Examining social accountability tools in the water sector: a case study from Nepal

 Synthesis diagram pointing out the multilevel effects of ALAN and the challenges of articulating organizational levels for a bottom-up approach of the dark ecological network

Un article sur les outils de responsabilité sociale dans le secteur de l'eau: des démarches de démocratie participative qui sont également expérimentées en France.


Dhungana et al., 2021. https://www.iwmi.cgiar.org/2021/08/examining-social-accountability-tools-in-the-water-sector-a-case-study-from-nepal/


Abstract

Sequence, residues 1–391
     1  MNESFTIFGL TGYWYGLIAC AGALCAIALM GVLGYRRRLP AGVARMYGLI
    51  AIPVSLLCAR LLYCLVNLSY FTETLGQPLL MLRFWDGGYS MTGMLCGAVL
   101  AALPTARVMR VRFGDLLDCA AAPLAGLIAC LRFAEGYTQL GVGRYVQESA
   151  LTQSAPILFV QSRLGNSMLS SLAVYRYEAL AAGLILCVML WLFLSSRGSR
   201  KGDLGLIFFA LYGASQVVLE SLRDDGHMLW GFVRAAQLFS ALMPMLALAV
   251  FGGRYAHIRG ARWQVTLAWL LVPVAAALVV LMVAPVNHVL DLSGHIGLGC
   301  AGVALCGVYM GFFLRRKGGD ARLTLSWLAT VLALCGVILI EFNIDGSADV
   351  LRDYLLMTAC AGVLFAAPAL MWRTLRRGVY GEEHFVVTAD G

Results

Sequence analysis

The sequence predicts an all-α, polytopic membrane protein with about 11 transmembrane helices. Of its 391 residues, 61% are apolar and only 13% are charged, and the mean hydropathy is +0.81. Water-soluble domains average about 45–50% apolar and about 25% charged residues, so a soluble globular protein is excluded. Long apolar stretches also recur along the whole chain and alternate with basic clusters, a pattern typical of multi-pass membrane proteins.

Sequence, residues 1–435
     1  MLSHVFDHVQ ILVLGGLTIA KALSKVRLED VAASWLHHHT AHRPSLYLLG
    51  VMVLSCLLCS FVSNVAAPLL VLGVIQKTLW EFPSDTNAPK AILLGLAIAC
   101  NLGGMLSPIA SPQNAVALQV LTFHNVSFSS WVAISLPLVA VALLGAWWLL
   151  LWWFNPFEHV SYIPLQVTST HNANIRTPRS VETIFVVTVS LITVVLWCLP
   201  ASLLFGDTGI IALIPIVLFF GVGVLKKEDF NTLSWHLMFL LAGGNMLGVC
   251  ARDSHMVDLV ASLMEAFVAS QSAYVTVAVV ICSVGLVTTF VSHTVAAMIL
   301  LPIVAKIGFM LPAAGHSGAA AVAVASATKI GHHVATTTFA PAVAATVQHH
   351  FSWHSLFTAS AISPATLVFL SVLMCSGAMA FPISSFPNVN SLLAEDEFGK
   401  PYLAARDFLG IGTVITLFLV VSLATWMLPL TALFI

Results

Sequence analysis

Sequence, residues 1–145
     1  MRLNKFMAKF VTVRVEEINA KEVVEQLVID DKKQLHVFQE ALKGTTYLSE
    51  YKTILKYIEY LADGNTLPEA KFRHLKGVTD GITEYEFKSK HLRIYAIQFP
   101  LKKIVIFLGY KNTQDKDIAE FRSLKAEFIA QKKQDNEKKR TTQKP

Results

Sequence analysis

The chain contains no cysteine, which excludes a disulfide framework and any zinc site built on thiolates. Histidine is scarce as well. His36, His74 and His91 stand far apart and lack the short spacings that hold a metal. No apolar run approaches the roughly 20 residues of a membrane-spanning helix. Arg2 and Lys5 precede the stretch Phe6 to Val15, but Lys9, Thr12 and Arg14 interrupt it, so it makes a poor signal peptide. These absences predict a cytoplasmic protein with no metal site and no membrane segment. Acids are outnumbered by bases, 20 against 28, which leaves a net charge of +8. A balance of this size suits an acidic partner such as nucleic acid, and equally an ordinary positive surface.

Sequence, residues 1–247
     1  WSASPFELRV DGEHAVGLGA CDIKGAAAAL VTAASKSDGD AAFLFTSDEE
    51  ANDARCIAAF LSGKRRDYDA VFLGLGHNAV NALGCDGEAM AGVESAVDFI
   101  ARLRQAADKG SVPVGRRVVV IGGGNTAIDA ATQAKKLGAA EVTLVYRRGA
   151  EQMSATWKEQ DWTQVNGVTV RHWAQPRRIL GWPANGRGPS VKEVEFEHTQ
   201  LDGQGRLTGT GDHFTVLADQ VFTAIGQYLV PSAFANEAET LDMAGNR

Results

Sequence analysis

Enhancing accountability has become an important objective of the governance reforms over the past two decades. Yet, only a few studies have explored the use of social accountability tools in the water sector in particular. This report aims to fill this gap, based on a case study of a donor-funded water, sanitation and hygiene (WASH) program in Nepal. We document and analyze the effects of two types of social accountability tools implemented by the program: public hearings and social audits. We examined how these tools have contributed to increased transparency, participation, voice and accountability, and in turn discuss their potential to reduce corruption. We relied on qualitative methods to collect data in two case study water supply schemes in two districts of Nepal. The study found that the social accountability tools provided a platform for water users to participate and deliberate on issues related to the execution of WASH schemes. However, the scope of accountability narrowly focused on the integrity of the water user committees but did not provide the political resources and means for communities to hold funding and implementing agencies accountable. Furthermore, attention to budget management has not provided space to address environmental and social justice issues related to payment of wages, access to water and decision-making processes in the design of the water scheme and water allocation. Findings from the study also indicate that the concept of deliberation and downward accountability, as envisioned in international development discourses, does not necessarily match with local power relationships and local cultural norms.

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